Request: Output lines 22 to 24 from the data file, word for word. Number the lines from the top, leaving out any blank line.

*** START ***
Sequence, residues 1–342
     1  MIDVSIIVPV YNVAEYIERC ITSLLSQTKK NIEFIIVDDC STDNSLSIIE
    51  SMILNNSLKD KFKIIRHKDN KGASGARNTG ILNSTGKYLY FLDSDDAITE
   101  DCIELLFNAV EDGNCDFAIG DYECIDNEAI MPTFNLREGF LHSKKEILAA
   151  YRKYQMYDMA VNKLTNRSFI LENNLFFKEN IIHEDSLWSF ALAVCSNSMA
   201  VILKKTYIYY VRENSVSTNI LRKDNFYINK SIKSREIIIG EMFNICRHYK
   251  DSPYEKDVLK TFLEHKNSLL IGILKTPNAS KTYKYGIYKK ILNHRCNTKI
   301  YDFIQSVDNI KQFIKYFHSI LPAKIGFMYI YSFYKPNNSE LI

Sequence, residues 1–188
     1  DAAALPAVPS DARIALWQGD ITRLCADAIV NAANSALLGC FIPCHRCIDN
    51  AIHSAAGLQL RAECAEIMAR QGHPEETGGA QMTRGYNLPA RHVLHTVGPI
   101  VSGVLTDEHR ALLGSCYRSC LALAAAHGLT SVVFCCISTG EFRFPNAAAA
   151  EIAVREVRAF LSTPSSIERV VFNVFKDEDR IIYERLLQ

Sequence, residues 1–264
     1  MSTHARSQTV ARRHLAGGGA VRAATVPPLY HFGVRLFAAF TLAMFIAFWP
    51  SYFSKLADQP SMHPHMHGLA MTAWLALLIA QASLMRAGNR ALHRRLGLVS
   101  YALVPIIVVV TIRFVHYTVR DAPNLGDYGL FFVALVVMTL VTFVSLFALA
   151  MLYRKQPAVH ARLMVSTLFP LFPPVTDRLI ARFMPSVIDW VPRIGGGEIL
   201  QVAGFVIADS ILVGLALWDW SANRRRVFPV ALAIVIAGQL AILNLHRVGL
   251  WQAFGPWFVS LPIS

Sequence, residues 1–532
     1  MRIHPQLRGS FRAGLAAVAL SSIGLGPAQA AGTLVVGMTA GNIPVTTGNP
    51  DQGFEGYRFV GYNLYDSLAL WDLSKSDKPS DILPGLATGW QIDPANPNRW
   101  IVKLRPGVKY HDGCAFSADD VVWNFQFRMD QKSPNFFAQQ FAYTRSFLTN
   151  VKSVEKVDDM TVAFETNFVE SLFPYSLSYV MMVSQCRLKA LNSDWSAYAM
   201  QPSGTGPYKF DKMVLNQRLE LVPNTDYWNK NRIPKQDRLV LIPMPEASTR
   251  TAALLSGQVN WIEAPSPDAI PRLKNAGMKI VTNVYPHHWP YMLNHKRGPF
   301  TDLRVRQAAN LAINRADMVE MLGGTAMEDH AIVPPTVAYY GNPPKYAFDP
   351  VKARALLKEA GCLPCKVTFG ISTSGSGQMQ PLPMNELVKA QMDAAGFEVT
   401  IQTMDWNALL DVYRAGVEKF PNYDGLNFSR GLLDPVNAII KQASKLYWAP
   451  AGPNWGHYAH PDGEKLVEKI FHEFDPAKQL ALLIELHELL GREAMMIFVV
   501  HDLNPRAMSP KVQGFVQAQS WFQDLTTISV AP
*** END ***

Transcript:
     1  MRIHPQLRGS FRAGLAAVAL SSIGLGPAQA AGTLVVGMTA GNIPVTTGNP
    51  DQGFEGYRFV GYNLYDSLAL WDLSKSDKPS DILPGLATGW QIDPANPNRW
   101  IVKLRPGVKY HDGCAFSADD VVWNFQFRMD QKSPNFFAQQ FAYTRSFLTN